Clemson (3-0, 1-0 Atlantic Coast Conference) got away with the drop-offs against South Carolina State and North Carolina State in its past two games.
Boyd hopes to crank things back up Saturday when Wake Forest (2-2, 0-1) comes to Memorial Stadium.
Boyd, a senior, spent the off-season as one of the most hyped players in college football based on his record-setting seasons and his decision to pass on the possibility of significant NFL money for a final year with the Tigers. And while Boyd accounted for five touchdowns in a 38-35 season-opening victory over then fifth-ranked Georgia, he’s looked off-target and out of synch at times in Clemson’s past two outings.
Boyd rallied Clemson past the Wolfpack in the second half, connecting on 9 of 11 passes for 100 yards and touchdowns of 30 and 15 yards to Martavis Bryant, but he knows he can play at a higher level, and that the offense can – and should – do better.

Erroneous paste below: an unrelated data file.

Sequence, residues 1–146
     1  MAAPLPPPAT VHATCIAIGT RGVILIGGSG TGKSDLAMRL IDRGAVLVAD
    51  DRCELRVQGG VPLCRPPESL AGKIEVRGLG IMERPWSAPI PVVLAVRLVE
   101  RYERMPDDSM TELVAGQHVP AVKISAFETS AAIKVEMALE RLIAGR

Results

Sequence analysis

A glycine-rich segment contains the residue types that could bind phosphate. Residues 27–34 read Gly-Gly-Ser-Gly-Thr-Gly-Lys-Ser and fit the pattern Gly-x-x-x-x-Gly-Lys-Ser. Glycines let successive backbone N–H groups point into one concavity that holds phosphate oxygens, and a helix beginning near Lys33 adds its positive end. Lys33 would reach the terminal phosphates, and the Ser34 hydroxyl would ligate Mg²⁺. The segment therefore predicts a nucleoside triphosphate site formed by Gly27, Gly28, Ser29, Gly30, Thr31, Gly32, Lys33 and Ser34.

“In this offense and the position I’m in, rhythm is everything. I think we got that in the second half. I think that it will continue with this stretch that we have,” he said.
Boyd has not had much trouble with Wake Forest’s defense the past two seasons, throwing for 771 yards and seven touchdowns in Clemson’s two victories. He needed only about a half to put away the Demon Deacons a year ago, connecting for a school record 428 yards passing and tying another with five TD throws in a 42-13 win.
Wake Forest appeared to be in full free fall after losing games to Boston College and Louisiana-Monroe earlier this month. But the team rebounded and got a much needed victory at Army just last week. Still, Demon Deacons head coach Jim Grobe says facing Boyd is an entirely different challenge for his growing defense because of the senior’s dual-threat ability.
“You can talk about it all you want to, but it’s really unusual to find a guy that throws it like he does and runs it effectively like he does,” Grobe said.